Diabetes Diet

A diabetes dietary plan involves following a balanced diet to help you manage your condition and your blood glucose levels. You will need to eat sufficiently and often enough to prevent your blood sugars falling too low (hypoglycaemia) and you will need to avoid certain foods and overeating to prevent your blood glucose levels rising too high (hyperglycaemia). In preparing your healthy eating plan, there are a number of considerations:

  • Plan regular meals and snacks. Try to avoid stretches longer than four or five hours between eating
  • Manage your portion sizes and try to avoid overeating at meal times, which could cause your blood sugars to rise.
  • Set your daily calorie target level. This will depend on your gender and whether you whether you want to maintain your weight or lose weight.
  • Be aware of the types of food that you should be including in your diabetes diet and which you should try and avoid.

Based on this, and your individual tastes, it is then easy to create a diabetes diet plan that works for you and will help you control and stabilise your blood glucose levels.

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What is available to eat?

Each day you should try and include the following items in your diet.

Fruit and Vegetables

It is recommended that you include at least five portions of fruit and vegetables in your daily diabetes diet. They are packed with vitamins, minerals and fibres and are low in calories and fats. One simple piece of advice, to help make sure you are getting enough fruit and vegetables in your diet, is to try and make your plate as colourful as possible.

Starchy Carbohydrates

Including some starchy carbohydrates in each meal will help regulate blood sugar levels. These can be breads, rice, pastas, cereals, potatoes and sweet potatoes. Some starchy carbohydrates are better than others; they are more slowly digested and will help keep your blood sugars from fluctuating during the day. These are referred to as low GI (glycaemic index) carbohydrates and examples include:

  • Wholegrain or multigrain breads
  • Porridge oats, oat based cereals and unsweetened mueslis
  • High fibre breakfast cereals such as bran flakes
  • Basmati or brown rice
  • Whole wheat pastas


Meat, fish, eggs, seeds, nuts and beans are all great sources of protein and help replace and build muscle. You should add some food from this group to your diet daily, and try and include at least one to two portions of oily fish, high in Omega 3, to your diet weekly.

Dairy Foods

Dairy foods are a fantastic source of calcium and should be included in your diet daily, in moderation. Watch out for dairy foods that are high in fat or have added sugars. Try and stick to low-fat options.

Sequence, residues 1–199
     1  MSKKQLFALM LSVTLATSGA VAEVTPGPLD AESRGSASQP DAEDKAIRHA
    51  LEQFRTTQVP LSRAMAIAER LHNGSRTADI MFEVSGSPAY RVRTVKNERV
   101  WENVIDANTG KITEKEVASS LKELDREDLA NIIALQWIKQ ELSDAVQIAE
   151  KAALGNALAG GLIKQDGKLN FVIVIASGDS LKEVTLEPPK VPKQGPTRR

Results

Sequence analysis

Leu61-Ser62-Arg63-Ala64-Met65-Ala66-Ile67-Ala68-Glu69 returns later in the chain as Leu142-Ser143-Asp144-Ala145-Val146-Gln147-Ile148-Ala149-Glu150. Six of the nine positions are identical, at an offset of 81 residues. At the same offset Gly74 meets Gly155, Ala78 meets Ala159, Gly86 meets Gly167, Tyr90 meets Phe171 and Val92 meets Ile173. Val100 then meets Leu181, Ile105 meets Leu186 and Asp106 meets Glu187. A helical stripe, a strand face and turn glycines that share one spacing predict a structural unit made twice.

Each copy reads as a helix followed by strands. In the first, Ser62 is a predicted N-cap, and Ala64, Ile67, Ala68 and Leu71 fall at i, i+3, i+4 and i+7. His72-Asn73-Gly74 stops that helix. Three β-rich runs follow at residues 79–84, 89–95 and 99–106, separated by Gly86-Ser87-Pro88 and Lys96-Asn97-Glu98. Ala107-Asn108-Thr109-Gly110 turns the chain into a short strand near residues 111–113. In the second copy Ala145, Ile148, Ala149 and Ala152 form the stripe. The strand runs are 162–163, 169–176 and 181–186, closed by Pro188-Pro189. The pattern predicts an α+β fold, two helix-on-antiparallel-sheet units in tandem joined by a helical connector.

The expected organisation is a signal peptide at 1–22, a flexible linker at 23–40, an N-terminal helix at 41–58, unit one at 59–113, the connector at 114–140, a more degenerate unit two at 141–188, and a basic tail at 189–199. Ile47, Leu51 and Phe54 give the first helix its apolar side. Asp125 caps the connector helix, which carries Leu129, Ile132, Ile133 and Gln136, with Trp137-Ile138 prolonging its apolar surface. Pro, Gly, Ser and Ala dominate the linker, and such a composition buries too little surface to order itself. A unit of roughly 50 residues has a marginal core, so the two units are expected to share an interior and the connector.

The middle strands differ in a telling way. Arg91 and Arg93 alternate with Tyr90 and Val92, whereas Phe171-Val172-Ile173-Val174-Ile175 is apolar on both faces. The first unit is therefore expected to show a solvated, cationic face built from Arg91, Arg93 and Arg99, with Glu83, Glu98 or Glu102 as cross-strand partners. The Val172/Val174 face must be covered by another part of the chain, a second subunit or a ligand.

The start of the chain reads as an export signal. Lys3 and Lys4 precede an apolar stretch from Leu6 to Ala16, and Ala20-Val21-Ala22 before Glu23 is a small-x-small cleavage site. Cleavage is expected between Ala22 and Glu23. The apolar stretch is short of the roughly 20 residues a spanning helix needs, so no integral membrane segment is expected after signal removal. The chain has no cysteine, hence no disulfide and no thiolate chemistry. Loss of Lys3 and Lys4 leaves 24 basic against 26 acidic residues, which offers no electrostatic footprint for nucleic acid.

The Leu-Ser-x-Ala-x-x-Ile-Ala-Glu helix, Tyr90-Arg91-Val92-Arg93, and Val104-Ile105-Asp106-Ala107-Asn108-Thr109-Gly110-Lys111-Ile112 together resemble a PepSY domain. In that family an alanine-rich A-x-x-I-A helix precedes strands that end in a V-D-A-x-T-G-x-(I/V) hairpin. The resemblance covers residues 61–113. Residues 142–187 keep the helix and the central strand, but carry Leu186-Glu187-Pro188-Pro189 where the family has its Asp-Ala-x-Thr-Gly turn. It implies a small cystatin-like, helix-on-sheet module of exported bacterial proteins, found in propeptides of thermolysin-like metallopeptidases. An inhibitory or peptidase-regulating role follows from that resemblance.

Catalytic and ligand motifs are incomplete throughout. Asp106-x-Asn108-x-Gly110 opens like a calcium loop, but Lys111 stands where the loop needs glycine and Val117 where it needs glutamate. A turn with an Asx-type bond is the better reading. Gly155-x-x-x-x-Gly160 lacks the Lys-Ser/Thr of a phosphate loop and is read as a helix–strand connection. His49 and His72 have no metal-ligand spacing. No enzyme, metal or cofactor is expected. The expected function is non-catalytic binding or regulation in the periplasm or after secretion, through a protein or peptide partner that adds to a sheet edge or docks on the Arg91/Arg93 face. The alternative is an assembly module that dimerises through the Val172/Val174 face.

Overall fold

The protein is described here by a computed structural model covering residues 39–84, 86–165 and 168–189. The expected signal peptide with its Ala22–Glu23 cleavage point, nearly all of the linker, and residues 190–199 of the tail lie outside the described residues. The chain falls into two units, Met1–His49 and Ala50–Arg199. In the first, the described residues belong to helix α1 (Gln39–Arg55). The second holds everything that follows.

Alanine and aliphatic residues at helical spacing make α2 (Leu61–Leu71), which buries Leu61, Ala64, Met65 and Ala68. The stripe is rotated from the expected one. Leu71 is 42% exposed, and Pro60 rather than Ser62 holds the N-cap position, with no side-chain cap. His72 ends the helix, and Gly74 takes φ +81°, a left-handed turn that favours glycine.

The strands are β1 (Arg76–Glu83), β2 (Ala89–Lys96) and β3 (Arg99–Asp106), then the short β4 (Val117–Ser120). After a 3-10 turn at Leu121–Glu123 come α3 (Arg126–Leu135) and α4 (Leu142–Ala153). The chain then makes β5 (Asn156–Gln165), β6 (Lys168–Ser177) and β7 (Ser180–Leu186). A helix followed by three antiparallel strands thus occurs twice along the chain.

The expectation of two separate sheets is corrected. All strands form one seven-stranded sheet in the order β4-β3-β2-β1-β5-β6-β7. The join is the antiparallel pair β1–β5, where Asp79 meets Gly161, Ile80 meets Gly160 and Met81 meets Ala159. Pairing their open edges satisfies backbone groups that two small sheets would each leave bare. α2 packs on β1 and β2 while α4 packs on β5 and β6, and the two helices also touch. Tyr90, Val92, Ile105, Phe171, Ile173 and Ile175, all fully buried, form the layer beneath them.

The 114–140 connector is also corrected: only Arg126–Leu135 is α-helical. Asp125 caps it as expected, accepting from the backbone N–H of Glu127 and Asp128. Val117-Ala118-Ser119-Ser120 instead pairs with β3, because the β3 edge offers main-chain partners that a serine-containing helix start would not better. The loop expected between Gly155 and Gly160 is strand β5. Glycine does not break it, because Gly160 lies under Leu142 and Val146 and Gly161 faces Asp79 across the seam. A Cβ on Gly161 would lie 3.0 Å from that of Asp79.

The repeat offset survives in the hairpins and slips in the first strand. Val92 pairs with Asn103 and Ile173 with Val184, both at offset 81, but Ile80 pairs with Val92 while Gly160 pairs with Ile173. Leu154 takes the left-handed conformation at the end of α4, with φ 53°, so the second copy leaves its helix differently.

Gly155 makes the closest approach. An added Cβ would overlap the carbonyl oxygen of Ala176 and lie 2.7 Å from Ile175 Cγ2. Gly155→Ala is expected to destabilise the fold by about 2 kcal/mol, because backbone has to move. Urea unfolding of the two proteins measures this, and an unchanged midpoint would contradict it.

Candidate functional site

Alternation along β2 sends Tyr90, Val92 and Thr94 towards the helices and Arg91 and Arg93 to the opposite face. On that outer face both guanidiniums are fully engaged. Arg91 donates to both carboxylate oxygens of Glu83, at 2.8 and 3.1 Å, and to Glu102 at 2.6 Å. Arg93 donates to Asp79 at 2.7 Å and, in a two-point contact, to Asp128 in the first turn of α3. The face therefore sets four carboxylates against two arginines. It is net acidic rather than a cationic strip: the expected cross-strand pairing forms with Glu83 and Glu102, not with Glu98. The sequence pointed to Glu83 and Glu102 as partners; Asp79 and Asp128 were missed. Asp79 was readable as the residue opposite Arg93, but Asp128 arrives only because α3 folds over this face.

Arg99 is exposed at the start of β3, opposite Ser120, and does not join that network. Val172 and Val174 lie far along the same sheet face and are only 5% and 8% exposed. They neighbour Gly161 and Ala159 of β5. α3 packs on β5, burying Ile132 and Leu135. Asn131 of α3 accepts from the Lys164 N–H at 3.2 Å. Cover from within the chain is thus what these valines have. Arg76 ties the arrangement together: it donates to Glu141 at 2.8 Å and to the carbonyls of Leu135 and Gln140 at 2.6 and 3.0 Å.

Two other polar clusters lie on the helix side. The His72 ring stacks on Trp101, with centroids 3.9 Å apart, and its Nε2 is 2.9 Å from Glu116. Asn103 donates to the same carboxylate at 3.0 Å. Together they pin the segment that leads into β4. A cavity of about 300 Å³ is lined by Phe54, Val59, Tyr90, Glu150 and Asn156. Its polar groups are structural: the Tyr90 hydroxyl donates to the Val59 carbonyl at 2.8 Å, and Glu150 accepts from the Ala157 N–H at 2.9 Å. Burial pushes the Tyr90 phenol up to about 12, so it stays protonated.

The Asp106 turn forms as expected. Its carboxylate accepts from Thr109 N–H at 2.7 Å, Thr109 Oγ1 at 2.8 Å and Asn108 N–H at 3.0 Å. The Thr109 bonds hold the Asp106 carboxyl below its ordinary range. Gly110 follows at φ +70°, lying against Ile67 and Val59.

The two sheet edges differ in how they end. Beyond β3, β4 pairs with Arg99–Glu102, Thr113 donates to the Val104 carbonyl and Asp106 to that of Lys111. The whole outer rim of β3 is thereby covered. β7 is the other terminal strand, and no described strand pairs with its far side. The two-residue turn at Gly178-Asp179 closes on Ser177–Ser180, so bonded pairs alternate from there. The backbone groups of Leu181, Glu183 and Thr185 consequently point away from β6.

What to avoid

Try and avoid or minimise the following foods in your diet.

Fatty foods

Avoid foods that are very high in saturated fats such as butter and oils. Try and avoid fried foods, full fat cheeses and milk, fatty meats and creamy dressings. Instead try and swap them for unsaturated and low-fat alternatives such as skimmed milks, cottage cheeses, low fat yogurts, lean meats and low fat oils and spreads.

Sugary Foods

Consuming too many foods that are high in sugar content can cause your blood glucose levels to rise. Try and avoid sugar, fizzy drinks, sweets and chocolates, sugary spreads, sugar coated cereals and processed foods with high levels of added sugar.


Try and limit your salt intake as this can cause your blood pressure to rise. Avoid adding it to meals and try replacing it with herbs and spices for flavouring in cooking. Avoided processed foods with high levels of added salt and avoid salt substitutes like 'Lo Salt'.

Sample meal planners

Based on your own tastes, you should plan out your meals to incorporate these essential healthy foods and minimise unhealthy foods. Here are some great meal and snack ideas that are great inclusions in a diabetes diet.


  • Low-fat yogurt with berries, apricots and prunes
  • Multigrain toast with a small scraping of peanut butter
  • Poached egg and avocado on brown bread
  • Unsweetened muesli or porridge


  • Chicken and avocado salad
  • Smoked salmon on brown bread
  • Vegetable soup
  • Pitta bread with cottage cheese and salad


  • Grilled fish served with sweet potato and green beans
  • Vegetable pasta bake
  • Couscous and shrimp
  • Chicken and spinach with brown rice


  • Apple, banana or pear
  • Raw nuts and seeds
  • Cottage cheese with carrot sticks

If you have diabetes you can still enjoy many of the same foods that you used to. Once you understand the principles of the types of foods you need to include daily and the types of foods you need to minimise, you can create tasty meal plans and enjoy a diabetes diet that still incorporates many of your favourite foods. Just remember to watch your daily calorie count target and your portion sizes.